POSTERS showing a young child with dog mess smeared round her mouth are being displayed across a parish to address a dog fouling problem.

Around 30 of the hard-hitting posters have been put up around Stone as part of a campaign by Stone Parish Council following complaints about dog owners not picking up after their pets.

The poster implies the young girl has picked up dog mess and eaten it leading to the possibility she might also pick up a nasty illness.

Parish council clerk Jennie Thomas says the image is open to interpretation but admits council members were “disgusted” by it.

She said: “Our reason in the end for choosing it was if people were talking about it then we have succeeded in creating the awareness we wanted to inspire.

“Sometimes shock tactics are the way to raise awareness, a bland poster probably wouldn’t have much effect.

“We haven’t had a negative comment yet, people are saying it really makes them think.”

News Shopper: The parish council says the image is open to interpretation.

More posters showing different but similarly affecting anti-dog mess images will be put up over the coming weeks.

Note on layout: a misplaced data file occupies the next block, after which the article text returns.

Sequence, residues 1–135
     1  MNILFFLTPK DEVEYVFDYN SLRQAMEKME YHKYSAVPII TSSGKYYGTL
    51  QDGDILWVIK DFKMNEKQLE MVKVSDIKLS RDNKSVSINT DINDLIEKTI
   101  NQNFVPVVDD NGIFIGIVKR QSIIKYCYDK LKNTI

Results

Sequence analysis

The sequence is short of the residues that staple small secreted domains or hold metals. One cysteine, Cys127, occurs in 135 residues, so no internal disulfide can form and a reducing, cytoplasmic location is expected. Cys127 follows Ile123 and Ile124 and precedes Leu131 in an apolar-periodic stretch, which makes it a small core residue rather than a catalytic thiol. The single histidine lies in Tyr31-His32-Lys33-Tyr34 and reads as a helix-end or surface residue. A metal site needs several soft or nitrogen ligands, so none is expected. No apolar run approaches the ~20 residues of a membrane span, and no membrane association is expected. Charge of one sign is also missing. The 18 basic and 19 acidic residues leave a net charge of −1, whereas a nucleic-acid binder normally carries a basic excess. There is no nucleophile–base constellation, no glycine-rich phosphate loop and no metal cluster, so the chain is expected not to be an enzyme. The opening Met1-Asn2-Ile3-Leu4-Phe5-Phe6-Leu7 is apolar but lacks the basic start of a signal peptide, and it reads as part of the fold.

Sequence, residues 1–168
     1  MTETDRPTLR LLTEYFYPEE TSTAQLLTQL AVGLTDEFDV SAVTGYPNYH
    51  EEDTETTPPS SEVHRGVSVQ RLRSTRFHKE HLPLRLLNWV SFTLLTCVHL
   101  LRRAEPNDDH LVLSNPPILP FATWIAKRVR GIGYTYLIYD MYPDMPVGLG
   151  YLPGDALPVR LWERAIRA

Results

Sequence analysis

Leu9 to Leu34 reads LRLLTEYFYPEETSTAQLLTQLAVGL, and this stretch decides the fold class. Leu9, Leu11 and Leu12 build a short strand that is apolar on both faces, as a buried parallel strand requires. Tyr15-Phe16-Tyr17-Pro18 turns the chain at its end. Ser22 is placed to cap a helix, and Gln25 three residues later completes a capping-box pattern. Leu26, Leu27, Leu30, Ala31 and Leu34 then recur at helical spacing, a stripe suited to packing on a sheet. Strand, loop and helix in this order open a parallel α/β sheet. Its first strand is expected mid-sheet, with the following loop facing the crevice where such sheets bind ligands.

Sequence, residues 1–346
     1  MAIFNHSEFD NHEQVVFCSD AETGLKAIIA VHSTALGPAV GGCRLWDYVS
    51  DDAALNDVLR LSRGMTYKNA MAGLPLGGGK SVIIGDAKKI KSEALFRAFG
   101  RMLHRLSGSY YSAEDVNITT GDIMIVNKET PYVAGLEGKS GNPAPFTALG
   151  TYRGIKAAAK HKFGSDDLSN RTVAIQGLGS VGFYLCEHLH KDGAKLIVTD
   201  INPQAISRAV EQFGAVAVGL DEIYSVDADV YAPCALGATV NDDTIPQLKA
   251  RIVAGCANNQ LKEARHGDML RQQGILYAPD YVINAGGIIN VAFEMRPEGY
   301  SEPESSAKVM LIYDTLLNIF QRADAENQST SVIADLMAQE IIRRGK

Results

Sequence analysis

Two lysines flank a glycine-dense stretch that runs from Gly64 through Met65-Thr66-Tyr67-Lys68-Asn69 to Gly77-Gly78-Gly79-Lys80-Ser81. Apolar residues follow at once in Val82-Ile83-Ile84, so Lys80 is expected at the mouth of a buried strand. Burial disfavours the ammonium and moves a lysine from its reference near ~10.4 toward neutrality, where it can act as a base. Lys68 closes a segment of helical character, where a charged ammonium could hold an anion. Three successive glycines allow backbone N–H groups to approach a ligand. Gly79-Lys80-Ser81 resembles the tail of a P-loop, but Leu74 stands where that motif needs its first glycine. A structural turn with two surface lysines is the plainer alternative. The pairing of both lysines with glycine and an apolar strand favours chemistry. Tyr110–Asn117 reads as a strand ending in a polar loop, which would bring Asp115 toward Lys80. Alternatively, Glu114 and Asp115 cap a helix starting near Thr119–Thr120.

Information packs containing the poster, a flier and bags to put dog mess in are also being distributed freely to dog owners.

Other ways of tackling the problem include overt and covert surveillance to catch offenders, a review of signage and dog-bin provision and a Facebook discussion group.

Parish council chairman Councillor Thurza Richards said: “The council feels compelled to take action to encourage dog owners to be responsible in clearing up their dog’s mess and have respect for the local environment.

“There are many responsible owners who wouldn’t dream of leaving their dog’s mess to inconvenience others and I’m sure who are just as fed-up by the few giving them a bad rap.

“We want to remind owners not clearing up dog-mess is a criminal offence and they risk prosecution if they do not comply.”

People who do not clean up after their dog can be given a £50 on-the-spot fine.

Refusal to pay could mean court action and a maximum penalty of £1,000.